The Ferrari's prodigious speed down the straight was causing Prost some problems, but he kept close and promptly swept past when Alboreto missed a gear as they came up to the line on lap 19. Prost soon strode clear, and Lauda was suddenly right with Alboreto. However, the Austrian's fuel metering system began playing up, and he dropped away from the Ferrari and was soon repassed by Senna before pulling into the pits.

The first scheduled stop came from de Angelis, in from 4th on lap 25, but the stop was a poor 18.1s due to a jamming wheel nut. This dropped him to 6th, and promoted Arnoux to 4th, under heavy pressure from the charging de Cesaris, but the battle was cut short when the Italian thumped the back of the Ferrari. The Ligier was out on the spot, while Arnoux had to limp around for almost a full lap with a left-rear puncture. Patrese had already dropped out after being shoved in a similar manner by Laffite in the other Ligier, while Hesnault had exited after contact with Cheever.

Prost had built up a lead of some 21 seconds before his own tyre stop, with Alboreto diving in after him on the same lap. Senna followed a lap later, and it all panned out that there had been no change to the leading quartet. Behind Tambay and Alliot were promoted to the top 6 before their own stops, with Arnoux, Laffite and Boutsen (recovering from needing a push-start) next. Senna was the next to disappear from 3rd with an electrical fault, a sad end to a mature and restrained Lotus debut for the Brazilian.

Tambay was briefly in 4th, but the charging Arnoux caught and passed the Renault, the only significant change in the top six for the rest of the race. Prost, Alboreto and de Angelis were all too spaced out to do much about each other, and the McLaren driver reeled off the remaining laps in his usual cool style. It was Prost's 17th career win, and once again showed that McLaren were the team to beat. He allowed Alboreto to close within three seconds, but hadn't looked back after passing the Ferrari.

The rest were lapped, lead by de Angelis. Arnoux did a respectable job to fight back to 4th, while Tambay's 5th gave Renault some reward for a very difficult weekend. Laffite took the final point for the revamped Ligier outfit. Behind him came the Tyrrells, Johansson ahead of Brundle, while Alliot's 9th place gave the hard-trying RAM team a fillip. Warwick (much delayed by a stop to sort a misfire), Boutsen (with fuel feed problems), Ghinzani and Winkelhock (also after a stop to fix fuel feed trouble after a good practice) completed the finishers.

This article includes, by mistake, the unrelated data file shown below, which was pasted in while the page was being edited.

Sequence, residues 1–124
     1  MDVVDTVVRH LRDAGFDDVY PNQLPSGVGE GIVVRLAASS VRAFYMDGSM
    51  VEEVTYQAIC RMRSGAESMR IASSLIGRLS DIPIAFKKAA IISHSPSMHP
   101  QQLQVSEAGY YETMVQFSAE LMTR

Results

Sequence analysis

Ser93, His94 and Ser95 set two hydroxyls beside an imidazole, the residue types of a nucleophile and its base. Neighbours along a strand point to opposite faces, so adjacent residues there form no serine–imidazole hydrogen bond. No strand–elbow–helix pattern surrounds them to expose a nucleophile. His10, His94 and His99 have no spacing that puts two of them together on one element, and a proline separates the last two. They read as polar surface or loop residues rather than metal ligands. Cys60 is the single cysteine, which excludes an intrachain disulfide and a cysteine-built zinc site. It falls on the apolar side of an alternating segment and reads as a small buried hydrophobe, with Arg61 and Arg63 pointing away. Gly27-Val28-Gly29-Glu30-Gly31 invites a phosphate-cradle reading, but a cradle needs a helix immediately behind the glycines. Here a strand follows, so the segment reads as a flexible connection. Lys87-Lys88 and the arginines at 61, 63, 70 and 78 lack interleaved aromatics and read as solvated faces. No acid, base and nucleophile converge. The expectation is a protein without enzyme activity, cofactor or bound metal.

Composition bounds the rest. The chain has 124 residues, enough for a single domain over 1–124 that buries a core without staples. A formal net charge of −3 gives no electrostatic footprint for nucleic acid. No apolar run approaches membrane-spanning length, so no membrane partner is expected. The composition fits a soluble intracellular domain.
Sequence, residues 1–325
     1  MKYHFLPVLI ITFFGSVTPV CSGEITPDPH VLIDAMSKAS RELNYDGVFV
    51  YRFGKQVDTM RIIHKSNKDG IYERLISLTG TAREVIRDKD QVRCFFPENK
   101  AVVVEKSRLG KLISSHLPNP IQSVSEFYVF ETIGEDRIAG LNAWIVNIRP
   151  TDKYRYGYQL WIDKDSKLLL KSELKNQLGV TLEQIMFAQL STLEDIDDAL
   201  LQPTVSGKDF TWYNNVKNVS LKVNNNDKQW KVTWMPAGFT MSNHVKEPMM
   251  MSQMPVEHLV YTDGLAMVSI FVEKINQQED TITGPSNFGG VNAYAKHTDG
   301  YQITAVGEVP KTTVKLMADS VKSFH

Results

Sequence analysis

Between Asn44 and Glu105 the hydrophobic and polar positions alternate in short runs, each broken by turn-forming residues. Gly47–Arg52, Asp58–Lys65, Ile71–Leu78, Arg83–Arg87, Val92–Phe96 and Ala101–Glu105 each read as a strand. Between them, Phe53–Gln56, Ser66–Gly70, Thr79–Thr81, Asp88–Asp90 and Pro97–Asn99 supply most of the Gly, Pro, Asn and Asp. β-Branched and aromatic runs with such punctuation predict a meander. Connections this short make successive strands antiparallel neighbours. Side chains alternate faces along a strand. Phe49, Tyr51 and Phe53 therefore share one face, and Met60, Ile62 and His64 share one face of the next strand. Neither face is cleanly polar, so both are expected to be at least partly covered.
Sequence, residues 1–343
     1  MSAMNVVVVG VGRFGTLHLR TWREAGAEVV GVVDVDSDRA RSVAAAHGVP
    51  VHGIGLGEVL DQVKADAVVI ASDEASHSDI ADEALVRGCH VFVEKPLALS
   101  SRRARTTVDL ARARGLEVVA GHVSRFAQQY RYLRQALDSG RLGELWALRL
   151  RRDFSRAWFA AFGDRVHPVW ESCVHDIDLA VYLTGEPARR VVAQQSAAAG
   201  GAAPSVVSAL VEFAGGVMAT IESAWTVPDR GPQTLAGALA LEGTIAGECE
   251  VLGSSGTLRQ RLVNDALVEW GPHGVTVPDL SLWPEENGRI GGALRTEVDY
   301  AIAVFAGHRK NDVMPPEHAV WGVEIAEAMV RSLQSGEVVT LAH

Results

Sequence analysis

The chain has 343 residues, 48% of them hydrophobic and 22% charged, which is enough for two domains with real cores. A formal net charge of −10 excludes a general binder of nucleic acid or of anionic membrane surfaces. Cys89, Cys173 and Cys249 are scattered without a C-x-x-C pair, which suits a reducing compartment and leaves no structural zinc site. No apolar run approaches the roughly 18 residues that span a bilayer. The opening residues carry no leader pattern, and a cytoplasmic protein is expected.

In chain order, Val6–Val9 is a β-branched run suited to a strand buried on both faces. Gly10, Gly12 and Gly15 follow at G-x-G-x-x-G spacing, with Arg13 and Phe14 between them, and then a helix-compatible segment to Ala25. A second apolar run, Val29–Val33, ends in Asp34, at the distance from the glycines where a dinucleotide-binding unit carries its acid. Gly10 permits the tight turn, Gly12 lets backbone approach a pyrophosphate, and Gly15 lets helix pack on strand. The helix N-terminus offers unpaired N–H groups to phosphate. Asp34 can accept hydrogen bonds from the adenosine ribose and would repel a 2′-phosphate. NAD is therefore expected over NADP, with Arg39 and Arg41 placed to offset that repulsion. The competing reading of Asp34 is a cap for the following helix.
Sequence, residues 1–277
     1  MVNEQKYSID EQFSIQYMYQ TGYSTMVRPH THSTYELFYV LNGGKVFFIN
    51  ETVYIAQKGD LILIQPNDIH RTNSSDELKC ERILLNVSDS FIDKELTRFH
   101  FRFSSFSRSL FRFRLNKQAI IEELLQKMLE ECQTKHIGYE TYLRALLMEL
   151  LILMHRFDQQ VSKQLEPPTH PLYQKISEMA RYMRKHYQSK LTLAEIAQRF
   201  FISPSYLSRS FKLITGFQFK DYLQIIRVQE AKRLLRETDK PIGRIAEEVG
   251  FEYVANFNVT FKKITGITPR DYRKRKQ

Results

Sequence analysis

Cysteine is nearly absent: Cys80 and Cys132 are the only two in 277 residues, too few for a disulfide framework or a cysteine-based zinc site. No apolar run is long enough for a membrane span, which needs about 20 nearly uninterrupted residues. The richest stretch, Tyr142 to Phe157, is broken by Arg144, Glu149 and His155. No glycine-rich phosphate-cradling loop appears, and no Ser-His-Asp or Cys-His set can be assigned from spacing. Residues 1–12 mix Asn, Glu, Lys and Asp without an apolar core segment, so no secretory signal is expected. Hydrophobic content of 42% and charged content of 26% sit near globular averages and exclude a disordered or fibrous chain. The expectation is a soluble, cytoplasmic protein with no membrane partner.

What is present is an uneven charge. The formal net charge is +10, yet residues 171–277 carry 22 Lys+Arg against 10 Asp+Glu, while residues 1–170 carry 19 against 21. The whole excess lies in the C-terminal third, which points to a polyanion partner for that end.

Result

Pos.
Driver Car
Laps
Time/Retirement
Grid
1
Alain Prost McLaren-TAG
61
1h 41m 26.115s
6
2
Michele Alboreto Ferrari
61
+ 3.259s
2
3
Elio de Angelis Lotus-Renault
60
+ 1 lap
3
4
Rene Arnoux Ferrari
59
+ 2 laps
7
5
Patrick Tambay Renault
59
+ 2 laps
11
6
Jacques Laffite Ligier-Renault
59
+ 2 laps
15
7
Stefan Johansson Tyrrell-Cosworth
58
+ 3 laps
23
8
Martin Brundle Tyrrell-Cosworth
58
+ 3 laps
21
9
Philippe Alliot RAM-Hart
58
+ 3 laps
20
10
Derek Warwick Renault
57
+ 4 laps
10
11
Thierry Boutsen Arrows-BMW
57
+ 4 laps
12
12
Piercarlo Ghinzani Osella-Alfa Romeo
57
+ 4 laps
22
13
Manfred Winkelhock RAM-Hart
57
+ 4 laps
16
R
Gerhard Berger Arrows-BMW
51
Suspension
19
R
Ayrton Senna Lotus-Renault
48
Electrics
4
R
Eddie Cheever Alfa Romeo
42
Engine
18
R
Pierluigi Martini Minardi-Cosworth
41
Engine
25
R
Niki Lauda McLaren-TAG
27
Fuel system
9
R
Andrea de Cesaris Ligier-Renault
26
Accident/Arnoux
13
R
Riccardo Patrese Alfa Romeo
20
Puncture
14
R
Keke Rosberg Williams-Honda
10
Turbo
2
R
Francois Hesnault Brabham-BMW
9
Accident/Cheever
17
R
Nigel Mansell Williams-Honda
8
Accident damage
5
R
Mauro Baldi Spirit-Hart
7
Turbo
24
R
Nelson Piquet Brabham-BMW
2
Transmission
8

Fastest Lap: Alain Prost (McLaren), 1:36.702s

[Team-by-Team report]


Tables

Driver's Championship

Pos.
Driver
Points
1
Alain Prost
9
2
Michele Alboreto
6
3
Elio de Angelis
4
4
Rene Arnoux
3
5
Patrick Tambay
2
6
Jacques Laffite
1

Constructor's Championship

Pos.
Constructor
Points
1
McLaren
9
=
Ferrari
9
3
Lotus
4
4
Renault
2
5
Ligier
1